5 companies that left the mobile phone business, and which of them you should still consider
Believe it or not, there was once a time when every other mobile phone seen cradled in public spaces like town centres and bus stations wasn’t an Apple or Samsung-branded handset. Over the years, many companies have tried their hand at making mobile phones, if not always successfully.
Here are just some examples of companies that were once big names in this particular market. Some of these companies’ logos continue to adorn phones – such as pre-owned or refurbished models – that might even still warrant your close consideration.
In the Noughties, the very word ‘Nokia’ often seemed almost synonymous with ‘mobile phone’ – but the iPhone’s arrival in 2007 sparked a slow descent for Nokia’s fortunes on this score.
In 2013, the Finnish company sold its smartphone business to Microsoft but retrieved it just three years later before letting another Finnish firm – HMD – make and sell handheld devices emblazoned with Nokia’s logo.
These contemporary Nokia phones are, on the whole, affordable but still supplied with regular software and security updates – making for an attractive combination.
You might remember that, in 2011, Nokia designed and marketed touchscreen smartphones under the Lumia name later taken up by Microsoft. Lumia devices were powered by Microsoft’s Windows Phone and Windows 10 Mobile operating systems, which were distinctive for their ‘tiled’ interfaces.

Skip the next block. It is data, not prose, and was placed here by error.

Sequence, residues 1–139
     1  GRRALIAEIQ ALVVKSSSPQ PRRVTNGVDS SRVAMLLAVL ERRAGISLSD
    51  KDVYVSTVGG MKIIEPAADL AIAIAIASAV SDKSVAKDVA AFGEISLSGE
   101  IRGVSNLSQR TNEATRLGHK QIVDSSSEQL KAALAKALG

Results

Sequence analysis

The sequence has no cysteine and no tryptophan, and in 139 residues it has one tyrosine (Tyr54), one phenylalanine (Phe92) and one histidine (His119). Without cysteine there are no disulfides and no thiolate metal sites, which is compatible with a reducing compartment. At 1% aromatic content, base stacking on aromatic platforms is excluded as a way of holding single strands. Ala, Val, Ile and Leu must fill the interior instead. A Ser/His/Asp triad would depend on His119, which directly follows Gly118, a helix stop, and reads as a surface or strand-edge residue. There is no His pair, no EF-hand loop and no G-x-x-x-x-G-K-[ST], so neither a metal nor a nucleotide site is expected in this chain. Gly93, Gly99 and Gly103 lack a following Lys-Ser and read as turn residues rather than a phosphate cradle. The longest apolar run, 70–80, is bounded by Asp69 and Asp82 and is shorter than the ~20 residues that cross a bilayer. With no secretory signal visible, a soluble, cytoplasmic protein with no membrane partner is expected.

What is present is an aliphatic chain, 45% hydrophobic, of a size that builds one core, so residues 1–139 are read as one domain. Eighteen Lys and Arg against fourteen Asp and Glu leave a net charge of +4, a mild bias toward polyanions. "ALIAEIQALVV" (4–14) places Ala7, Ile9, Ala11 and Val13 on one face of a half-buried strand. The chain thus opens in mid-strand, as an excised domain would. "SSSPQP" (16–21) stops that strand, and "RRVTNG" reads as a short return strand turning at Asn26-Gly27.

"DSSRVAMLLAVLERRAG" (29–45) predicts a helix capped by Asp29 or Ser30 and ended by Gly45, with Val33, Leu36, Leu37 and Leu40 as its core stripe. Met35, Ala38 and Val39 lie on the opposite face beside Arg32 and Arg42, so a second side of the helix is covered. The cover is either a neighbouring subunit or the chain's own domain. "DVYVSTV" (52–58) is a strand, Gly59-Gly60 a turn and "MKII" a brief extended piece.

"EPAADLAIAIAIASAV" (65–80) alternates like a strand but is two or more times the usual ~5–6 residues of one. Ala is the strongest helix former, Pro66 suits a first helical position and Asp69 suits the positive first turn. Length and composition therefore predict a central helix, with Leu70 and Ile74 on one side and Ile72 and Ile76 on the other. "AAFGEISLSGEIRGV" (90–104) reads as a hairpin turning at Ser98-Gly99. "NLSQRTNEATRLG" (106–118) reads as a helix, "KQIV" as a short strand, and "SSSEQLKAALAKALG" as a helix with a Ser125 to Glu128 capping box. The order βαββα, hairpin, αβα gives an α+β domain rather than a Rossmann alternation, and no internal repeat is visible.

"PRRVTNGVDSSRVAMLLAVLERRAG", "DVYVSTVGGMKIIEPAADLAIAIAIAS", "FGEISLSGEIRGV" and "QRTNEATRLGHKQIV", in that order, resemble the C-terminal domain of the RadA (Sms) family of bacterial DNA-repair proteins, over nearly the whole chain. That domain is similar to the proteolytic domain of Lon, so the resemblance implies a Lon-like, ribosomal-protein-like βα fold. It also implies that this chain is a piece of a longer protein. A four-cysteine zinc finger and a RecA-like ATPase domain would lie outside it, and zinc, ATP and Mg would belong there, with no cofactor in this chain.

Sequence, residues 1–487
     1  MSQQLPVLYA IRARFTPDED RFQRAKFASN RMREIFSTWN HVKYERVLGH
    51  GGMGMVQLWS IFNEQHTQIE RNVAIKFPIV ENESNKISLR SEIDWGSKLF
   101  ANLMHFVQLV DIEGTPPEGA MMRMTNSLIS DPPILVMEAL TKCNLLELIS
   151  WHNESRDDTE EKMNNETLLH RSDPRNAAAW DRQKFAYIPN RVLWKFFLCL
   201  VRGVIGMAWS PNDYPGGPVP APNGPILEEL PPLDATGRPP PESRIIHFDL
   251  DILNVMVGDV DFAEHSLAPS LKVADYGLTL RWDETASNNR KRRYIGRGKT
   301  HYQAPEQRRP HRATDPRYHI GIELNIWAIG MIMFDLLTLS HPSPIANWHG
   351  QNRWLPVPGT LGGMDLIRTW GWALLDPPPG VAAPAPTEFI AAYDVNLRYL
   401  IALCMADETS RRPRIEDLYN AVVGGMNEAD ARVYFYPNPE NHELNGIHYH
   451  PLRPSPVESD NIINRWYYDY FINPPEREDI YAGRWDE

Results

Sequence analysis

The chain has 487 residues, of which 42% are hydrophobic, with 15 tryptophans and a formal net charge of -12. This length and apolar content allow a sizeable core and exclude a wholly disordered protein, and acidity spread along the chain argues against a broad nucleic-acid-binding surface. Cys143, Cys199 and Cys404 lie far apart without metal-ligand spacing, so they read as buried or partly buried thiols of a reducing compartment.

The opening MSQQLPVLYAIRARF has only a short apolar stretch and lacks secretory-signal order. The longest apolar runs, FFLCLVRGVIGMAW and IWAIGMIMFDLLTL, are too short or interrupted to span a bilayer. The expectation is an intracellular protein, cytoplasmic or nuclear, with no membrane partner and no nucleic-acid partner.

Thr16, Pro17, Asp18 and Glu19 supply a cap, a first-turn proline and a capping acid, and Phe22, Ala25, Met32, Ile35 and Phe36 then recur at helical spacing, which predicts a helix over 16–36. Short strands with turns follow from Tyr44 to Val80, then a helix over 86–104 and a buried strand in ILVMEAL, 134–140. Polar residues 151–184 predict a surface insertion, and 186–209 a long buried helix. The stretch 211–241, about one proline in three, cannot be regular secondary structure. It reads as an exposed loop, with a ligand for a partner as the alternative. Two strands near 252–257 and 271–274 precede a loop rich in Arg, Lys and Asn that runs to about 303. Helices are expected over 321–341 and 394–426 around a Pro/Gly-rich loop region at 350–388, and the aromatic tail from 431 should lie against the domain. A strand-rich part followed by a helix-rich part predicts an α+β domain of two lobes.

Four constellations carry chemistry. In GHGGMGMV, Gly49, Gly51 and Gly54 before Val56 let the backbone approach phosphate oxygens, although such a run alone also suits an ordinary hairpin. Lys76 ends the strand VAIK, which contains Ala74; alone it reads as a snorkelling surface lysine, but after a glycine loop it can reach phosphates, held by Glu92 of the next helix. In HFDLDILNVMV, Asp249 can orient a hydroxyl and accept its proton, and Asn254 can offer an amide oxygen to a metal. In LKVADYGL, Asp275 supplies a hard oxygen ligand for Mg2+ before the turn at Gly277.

However, no new Lumia devices have been released since the Lumia 650 in February 2016 – and Microsoft has not provided security updates for Windows 10 Mobile since 2019.
The Canadian company BlackBerry had an almost 16-year spell of making phones, according to The National. In that time, BlackBerry handsets were often quickly distinguishable due to the inclusion of a physical QWERTY keyboard – though this left the screen size modest by modern standards.
BlackBerry phones gradually lost ground to touchscreen competitors – but, though BlackBerry eventually abandoned making phones in 2016, it has since forged ties with the Foxconn-owned FIH Mobile and Texas-based Onward Mobility in a bid to prepare a comeback.
Though the South Korean company actually announced its first phone a year before the iPhone initially broke cover, LG eventually announced in July 2021 that it would shutter its mobile phone business in order to strengthen the brand’s focus on electric vehicles, robotics and the smart home.
Still, as Android Authority reflects, LG has released numerous noteworthy phones – including its “last traditional flagship phone”, the LG V60, as recently as 2020.
Another mobile phone titan of the Noughties, Motorola had sold over 130 million units of its famed Razr line of phones by 2005 – but, as Apple, Samsung and LG increasingly entrenched themselves in the smartphone market, Motorola’s star faded.
In 2011, Nokia – essentially once Motorola’s arch nemesis – acquired its wireless network infrastructure assets for $975 million. These were then sold to Google for $12.5 billion the following year and eventually ended up in the hands of Lenovo, which paid nearly $3 billion to purchase these lingering vestiges of Motorola’s mobile phone business.